Australian researchers from the Kirby Institute have collaborated with researchers at Papua New Guinea’s Institute of Medical Research and the US Centers for Disease Control and Prevention to provide the country’s first representative survey of people most at risk for HIV in Port Moresby.
The survey results were released on Thursday in Port Moresby by PNG’s Minister for Health and HIV, Hon Sir Puka Temu.
Clinical and behavioural information was collected from the populations considered most at risk for HIV and STIs in Port Moresby: female sex workers, and men who have sex with men and transgender.
The study found that in one in six sex workers in Port Moresby are HIV positive, and more than half of all sex workers have an STI other than HIV. Among men who have sex with men and transgender, almost one in 10 are HIV positive, and more than a third are positive for an STI.
HIV and STI rates in Papua New Guinea are among the highest in the world but until now population-level estimates for these groups were unknown.
The clinical component of the study involved testing each participant for sexually transmissible infections and blood-borne viruses at the point-of-care. “Point-of-care means the collection and the testing is done in the clinic and the results are given to study participants within hours, eliminating the need to send specimens to a lab and return for results,” says Dr Angela Kelly-Hanku from the Kirby Institute, principal investigator on the study.
“If a participant returned a positive test for one of several STIs included in the study they were able to begin treatment immediately.”
This is the first time a study of this kind has been able to test for so many STIs at point-of-care, and represents an important breakthrough in HIV and STI monitoring, testing and treatment in low-resource settings.
Support for practical research that involves affected populations means that programs for prevention and treatment have a good chance of achieving their goals of reducing the high levels of HIV and other STIs.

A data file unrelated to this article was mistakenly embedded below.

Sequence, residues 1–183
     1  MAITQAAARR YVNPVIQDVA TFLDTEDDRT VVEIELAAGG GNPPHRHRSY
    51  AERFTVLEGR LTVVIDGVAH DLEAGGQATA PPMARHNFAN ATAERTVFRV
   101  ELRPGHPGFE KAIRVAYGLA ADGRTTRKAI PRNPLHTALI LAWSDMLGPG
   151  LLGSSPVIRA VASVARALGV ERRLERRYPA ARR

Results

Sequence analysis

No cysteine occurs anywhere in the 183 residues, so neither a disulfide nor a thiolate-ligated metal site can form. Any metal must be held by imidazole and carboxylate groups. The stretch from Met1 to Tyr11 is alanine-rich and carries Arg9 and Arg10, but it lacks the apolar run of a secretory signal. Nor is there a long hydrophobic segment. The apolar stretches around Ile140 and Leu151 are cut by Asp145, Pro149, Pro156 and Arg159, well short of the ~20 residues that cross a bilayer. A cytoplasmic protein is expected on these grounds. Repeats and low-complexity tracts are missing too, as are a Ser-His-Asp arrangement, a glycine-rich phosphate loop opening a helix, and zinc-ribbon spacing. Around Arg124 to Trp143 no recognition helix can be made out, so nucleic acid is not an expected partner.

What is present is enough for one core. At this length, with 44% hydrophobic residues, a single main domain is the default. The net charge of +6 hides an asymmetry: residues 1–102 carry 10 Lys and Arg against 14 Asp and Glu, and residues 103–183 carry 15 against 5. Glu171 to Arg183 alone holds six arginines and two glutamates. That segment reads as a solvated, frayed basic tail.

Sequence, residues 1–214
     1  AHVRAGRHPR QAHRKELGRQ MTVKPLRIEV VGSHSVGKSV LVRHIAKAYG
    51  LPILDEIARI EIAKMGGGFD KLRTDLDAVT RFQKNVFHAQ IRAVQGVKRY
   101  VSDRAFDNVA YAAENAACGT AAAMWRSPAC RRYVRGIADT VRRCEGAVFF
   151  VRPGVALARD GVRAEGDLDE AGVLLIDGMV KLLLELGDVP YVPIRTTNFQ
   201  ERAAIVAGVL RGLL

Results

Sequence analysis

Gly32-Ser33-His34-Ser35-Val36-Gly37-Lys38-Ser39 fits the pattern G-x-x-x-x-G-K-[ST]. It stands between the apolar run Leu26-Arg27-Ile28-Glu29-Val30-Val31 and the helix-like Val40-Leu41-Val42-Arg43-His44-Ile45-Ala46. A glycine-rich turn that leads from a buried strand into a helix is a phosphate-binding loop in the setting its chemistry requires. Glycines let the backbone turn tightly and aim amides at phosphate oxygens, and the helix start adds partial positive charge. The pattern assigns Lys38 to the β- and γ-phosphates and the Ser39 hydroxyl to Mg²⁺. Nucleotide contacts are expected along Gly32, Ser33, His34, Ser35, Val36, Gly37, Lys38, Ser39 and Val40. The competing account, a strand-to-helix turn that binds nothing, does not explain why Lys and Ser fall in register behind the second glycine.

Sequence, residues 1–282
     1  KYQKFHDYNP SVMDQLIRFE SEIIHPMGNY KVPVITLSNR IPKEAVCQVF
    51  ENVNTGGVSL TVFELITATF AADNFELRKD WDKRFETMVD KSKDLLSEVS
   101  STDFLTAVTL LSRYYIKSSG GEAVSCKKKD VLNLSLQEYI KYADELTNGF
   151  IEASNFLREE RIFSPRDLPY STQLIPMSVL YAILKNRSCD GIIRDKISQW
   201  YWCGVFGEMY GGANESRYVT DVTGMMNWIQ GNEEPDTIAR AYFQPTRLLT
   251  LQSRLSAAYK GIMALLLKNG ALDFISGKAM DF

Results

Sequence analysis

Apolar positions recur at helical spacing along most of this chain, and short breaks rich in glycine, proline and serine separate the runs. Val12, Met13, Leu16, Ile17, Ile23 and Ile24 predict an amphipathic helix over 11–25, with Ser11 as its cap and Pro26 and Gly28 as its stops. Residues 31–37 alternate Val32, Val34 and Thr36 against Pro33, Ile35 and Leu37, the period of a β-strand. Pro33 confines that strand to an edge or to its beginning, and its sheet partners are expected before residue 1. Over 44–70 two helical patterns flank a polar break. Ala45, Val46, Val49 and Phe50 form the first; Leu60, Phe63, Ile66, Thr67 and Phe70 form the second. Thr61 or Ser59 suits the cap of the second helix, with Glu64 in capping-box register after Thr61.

Scientia Professor John Kaldor, head of the Public Health Interventions Group at UNSW Medicine’s Kirby Institute, believes that Australian researchers, with their in-country partners, are making important contributions to public health in PNG. “The HIV and STI epidemics in PNG are complex,” says Scientia Professor Kaldor.
“The findings from this study provide an improved roadmap for treatment, care and provision of other services to key populations affected by HIV and STIs in Port Moresby, where this study was undertaken.
“The Australian Government has been a key funding partner for PNG’s HIV response. Support for practical research that involves affected populations means that programs for prevention and treatment have a good chance of achieving their goals of reducing the high levels of HIV and other STIs.”
The results of this survey also give voice to the needs of highly marginalised groups in PNG society, who were central partners in the design and conduct of the study.
“Collecting this kind of information is essential to inform Papua New Guinea’s national strategy and provides vital information about where best to dedicate limited resources,” says Dr Angela Kelly-Hanku, who holds a joint appointment with the Kirby Institute at UNSW Sydney and the PNG Institute of Medical Research, and was recently awarded a prestigious UNSW Scientia Fellowship for her work in this area.
“The Kirby Institute and the PNG Institute of Medical Research have a long term and highly productive partnership that has enabled us to carry out complex and sensitive research projects among vulnerable populations in PNG. If we tried to do any of the work on our own, these challenges would be insurmountable,” says Dr Kelly-Hanku.
For more information see the Kirby Institute website.